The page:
Review :: Sydney Festival :: L’Effet de Serge

January 11th 2012

Serge, or rather the performer Gaëtan Vourc’h, makes an extraterrestrial-esque entrance, his light-radiating helmet the first in a series of lo-fi theatrical tricks that punctuate the show ‘L’Effet de Serge’. The last production he was in, he tells us in echoic amplified voice, ended with him as an astronaut, so isn’t it a logical place to begin this one?

He guides us on a tour of the set, describing its features and what Serge can do therein, for example, he can talk to the audience without moving his lips, thanks to the magic of voiceover. The opening exemplifies the self-reflexive nature of the piece. It has been described as theatre about theatre, or as this reviewer suggests, L’Effet “communicates the essence of theatre”. But because much of contemporary theatre tends to overtly reference its processes and forms, I am left wondering if this show might be or ought to be about something more.

Set in the sparse living room of Serge, every Sunday various “friends” visit to witness his short performances, ‘the effect of pyrotechnics on the music of Vic Chesnutt’, as one of the more exciting, but still understated examples. We get glimpses of the time between visits, a man whose impulse to create seems to be the sustenance of his solitary life. Unanimously declared ‘whimsical’ (L’Effet de Serge has been performed on 150 occasions in 22 countries, so there is ample opportunity to read other reviews), my impression of the show might be shaped by a perceived overload of whimsy in art at the moment, and by recently reading Helen Razer’s tirade against this very thing in The Age. Razer sets her sites on Miranda July, and while I didn’t think that her film ‘You Me and Everyone We Know’ was complete tripe, I do think the project ‘Learning to Love you More’  that July recently collaborated in was a broad and vague touchy-feely mass of not much. I can’t help but compare this to the Sydney Festival program’s assertion that L’Effet de Serge “will make you love the world a little more”.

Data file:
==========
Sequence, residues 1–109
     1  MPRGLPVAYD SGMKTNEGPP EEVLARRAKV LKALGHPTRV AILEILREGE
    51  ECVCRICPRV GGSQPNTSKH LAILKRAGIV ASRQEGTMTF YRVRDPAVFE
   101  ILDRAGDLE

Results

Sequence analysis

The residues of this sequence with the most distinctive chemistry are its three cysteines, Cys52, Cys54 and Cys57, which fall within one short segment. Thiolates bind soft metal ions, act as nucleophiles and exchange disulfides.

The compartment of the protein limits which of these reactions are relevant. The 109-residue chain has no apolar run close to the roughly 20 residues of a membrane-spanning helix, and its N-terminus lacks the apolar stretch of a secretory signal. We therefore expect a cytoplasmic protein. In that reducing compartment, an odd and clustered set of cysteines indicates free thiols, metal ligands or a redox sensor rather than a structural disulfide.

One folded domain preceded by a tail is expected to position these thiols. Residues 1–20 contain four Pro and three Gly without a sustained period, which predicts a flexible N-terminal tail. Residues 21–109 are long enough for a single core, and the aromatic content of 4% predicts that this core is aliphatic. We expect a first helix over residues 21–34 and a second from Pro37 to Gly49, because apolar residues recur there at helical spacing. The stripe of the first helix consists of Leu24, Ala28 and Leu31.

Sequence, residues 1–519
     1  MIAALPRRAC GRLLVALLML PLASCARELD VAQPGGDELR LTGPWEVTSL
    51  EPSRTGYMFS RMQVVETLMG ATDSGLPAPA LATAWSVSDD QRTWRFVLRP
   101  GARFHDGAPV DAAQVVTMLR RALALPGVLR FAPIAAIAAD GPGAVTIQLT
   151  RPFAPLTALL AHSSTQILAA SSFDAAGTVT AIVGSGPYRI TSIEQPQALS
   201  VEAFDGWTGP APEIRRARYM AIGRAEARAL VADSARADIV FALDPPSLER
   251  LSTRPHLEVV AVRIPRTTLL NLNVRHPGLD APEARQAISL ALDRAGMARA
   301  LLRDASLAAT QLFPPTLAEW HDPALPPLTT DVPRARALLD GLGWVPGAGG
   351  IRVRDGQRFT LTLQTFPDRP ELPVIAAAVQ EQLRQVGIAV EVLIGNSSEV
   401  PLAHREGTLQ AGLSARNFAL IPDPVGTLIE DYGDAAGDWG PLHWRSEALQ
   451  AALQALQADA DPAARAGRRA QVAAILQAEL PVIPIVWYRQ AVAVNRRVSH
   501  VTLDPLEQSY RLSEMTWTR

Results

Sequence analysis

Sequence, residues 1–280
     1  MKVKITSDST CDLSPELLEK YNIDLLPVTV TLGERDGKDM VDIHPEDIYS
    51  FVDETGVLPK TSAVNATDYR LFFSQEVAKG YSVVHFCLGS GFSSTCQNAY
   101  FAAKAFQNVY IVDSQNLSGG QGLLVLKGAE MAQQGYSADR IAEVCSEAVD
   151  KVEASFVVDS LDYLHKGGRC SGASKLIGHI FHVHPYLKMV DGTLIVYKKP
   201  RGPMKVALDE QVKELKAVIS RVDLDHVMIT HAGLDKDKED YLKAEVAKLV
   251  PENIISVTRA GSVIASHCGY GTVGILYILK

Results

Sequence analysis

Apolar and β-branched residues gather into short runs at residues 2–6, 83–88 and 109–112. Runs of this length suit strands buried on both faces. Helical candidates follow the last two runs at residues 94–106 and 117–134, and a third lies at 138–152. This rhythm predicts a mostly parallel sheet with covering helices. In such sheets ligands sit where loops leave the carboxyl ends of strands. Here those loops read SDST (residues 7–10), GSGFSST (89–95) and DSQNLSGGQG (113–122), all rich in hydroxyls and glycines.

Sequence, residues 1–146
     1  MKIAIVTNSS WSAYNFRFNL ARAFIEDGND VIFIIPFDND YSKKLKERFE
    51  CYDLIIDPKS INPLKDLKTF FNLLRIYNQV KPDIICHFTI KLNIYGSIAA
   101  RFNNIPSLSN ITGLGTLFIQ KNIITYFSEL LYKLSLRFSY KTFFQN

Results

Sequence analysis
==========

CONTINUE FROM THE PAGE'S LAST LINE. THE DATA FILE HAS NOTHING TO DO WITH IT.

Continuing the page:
L’Effet was neither of the real world, nor set in the world. Which is perhaps part of its charm. The between space of not-theatre, not-reality was skilfully maintained by Gaëtan Vourc’h and a string of locally recruited performers. Their deliberate movements and virtually nonsensical chitchat made the experience akin to watching Sims on autopilot. The slapstick was impeccable, it wasn’t too long and I left feeling good but not full, to borrow from Razer, like I’d just eaten a cupcake. Granted, with doom and gloom abounds, sometimes a cupcake is what you want.

What: Theatre, L'Effet de Serge
Who: Concept, direction and design by Phillipe Quesne, with Gaëtan Vourc’h. Presented by Vivarium Studio and Sydney Festival 2012
Where: The Seymour Centre
When: January 8-11, 2012


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